With regard to the scenario described in your enquiry, you do not specify the total duration of the attendance concerned. However, AskMBS can provide the following comments on the options you present. 
1. If the consultation was only about her mental health, she is eligible to claim a mental health item number (2713) which attracts a rebate of $75.80. 
This would be appropriate if the attendance was of at least 20 minutes’ duration and all item requirements were met. 
2. If I restrict the mental health component of the consultation to less than 20 minutes, she is eligible to claim a normal consultation item number (44) which attracts a rebate of $113.30. 
No dedicated mental health treatment item is available for an attendance of less than 20 minutes’ duration. If a mental health related consultation does take less than 20 minutes, the appropriate time-tiered general attendance item may be billed. However, the duration of the treatment of a particular issue should not be manipulated simply to claim an MBS item with a higher benefit. The time spent addressing a particular issue should be determined by clinical need and optimal outcomes.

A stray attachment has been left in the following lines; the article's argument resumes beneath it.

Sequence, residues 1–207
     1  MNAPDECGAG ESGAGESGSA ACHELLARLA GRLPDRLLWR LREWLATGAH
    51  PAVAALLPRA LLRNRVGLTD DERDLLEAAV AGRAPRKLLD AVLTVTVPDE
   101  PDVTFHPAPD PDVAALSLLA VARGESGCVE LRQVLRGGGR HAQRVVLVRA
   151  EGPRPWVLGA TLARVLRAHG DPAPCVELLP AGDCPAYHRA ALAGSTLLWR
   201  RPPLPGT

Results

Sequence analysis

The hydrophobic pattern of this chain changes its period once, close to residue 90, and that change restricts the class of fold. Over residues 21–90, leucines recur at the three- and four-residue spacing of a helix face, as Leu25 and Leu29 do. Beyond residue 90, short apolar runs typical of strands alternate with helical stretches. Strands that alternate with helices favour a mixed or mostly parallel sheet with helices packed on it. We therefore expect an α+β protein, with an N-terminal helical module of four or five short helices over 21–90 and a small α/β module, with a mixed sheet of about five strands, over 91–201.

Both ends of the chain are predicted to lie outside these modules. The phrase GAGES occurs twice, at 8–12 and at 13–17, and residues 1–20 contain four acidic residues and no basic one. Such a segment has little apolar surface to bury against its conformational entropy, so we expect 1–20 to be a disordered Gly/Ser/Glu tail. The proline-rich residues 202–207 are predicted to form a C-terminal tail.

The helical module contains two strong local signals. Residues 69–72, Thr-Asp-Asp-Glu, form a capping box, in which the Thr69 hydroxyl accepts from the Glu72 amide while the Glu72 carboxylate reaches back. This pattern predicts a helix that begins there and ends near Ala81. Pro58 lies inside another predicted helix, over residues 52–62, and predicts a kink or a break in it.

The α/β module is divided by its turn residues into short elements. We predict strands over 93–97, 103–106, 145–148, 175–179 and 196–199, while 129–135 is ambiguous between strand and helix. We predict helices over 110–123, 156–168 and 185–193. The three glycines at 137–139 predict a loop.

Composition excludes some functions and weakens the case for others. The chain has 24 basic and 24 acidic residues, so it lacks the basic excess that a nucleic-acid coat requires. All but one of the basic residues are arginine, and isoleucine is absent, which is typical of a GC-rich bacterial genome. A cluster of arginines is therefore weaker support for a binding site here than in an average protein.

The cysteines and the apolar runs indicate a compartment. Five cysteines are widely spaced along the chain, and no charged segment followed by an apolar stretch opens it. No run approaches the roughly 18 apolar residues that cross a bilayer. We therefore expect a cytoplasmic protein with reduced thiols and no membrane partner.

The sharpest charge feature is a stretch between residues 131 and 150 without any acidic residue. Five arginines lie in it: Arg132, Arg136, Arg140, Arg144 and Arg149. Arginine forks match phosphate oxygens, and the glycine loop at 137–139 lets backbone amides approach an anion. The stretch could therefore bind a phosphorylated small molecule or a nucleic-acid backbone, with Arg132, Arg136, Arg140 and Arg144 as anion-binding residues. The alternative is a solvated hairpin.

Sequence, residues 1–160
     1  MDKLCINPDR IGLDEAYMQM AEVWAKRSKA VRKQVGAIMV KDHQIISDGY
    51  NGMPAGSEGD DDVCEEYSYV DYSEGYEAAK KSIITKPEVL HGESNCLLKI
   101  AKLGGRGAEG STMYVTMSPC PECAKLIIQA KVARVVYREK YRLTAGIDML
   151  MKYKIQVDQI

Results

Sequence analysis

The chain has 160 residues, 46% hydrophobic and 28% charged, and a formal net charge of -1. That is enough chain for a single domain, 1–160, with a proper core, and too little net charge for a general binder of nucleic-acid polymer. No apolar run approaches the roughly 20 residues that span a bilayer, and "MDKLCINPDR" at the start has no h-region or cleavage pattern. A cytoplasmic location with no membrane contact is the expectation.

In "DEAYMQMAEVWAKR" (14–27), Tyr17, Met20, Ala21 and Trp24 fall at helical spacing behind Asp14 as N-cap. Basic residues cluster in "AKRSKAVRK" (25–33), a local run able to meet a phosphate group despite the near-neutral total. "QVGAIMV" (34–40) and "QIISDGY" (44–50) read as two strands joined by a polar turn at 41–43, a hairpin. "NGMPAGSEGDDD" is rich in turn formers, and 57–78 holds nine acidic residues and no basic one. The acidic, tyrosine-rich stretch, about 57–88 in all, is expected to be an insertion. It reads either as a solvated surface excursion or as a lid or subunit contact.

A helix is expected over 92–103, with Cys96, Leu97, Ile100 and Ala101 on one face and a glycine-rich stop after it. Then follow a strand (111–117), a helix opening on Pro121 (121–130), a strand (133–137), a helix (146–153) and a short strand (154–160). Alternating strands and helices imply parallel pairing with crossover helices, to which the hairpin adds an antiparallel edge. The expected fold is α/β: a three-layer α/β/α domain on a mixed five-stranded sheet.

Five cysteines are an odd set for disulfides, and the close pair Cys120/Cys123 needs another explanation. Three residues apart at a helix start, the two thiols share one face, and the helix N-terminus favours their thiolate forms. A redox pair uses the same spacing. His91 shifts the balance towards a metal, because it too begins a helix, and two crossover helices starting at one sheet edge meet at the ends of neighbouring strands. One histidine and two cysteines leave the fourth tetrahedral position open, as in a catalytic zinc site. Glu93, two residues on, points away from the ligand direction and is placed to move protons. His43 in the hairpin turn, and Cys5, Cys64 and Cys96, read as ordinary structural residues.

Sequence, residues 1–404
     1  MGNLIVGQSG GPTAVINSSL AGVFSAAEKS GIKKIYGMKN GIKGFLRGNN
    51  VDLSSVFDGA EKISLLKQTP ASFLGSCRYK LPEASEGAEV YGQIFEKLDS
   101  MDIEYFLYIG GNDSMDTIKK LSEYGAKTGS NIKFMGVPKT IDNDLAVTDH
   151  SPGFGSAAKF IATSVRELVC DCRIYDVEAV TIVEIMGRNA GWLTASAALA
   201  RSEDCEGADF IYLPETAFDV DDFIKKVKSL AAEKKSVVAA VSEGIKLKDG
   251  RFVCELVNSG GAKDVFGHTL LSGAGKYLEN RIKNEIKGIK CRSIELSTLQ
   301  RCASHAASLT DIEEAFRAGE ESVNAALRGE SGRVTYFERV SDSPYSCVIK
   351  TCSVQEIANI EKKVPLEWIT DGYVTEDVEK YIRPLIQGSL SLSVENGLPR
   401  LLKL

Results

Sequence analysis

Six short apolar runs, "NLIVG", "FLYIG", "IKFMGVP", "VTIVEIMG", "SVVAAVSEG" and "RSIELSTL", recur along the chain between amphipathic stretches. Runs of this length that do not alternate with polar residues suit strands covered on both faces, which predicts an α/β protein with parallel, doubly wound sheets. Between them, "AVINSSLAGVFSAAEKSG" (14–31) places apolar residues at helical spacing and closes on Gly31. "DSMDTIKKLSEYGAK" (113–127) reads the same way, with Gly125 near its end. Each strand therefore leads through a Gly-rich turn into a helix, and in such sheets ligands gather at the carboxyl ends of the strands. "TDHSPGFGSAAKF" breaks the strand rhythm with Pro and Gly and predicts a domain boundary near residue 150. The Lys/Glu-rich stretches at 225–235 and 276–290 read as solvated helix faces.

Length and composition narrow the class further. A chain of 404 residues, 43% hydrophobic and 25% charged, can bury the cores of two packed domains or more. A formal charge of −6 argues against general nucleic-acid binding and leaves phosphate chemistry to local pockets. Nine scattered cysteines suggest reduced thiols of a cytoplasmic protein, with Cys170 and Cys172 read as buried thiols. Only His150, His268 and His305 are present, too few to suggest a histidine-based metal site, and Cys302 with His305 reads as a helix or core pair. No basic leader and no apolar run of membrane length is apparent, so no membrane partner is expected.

3. If I do more than 20 minutes on her mental health and less than 20 minutes on her physical health, you state it “would be theoretically possible” to claim a mental health item number (2713) and a normal consultation item number (23) giving Melissa a rebate of $115.55. 
On the face of it, it would be appropriate to bill items 2713 and 23 for the service described. The caveat “theoretically possible” is included only to acknowledge that the requirements of both items must be fully and independently met, and that this is a matter for the professional judgement of the GP in each real-world case. 
With regard to the “unallocated” minutes you refer to in your enquiry, this is a matter for your professional judgement, taking into account the particulars of the consultation. However, AskMBS can advise that a ‘template’ of the type described is not a requirement under MBS billing arrangements, but it may assist with record keeping.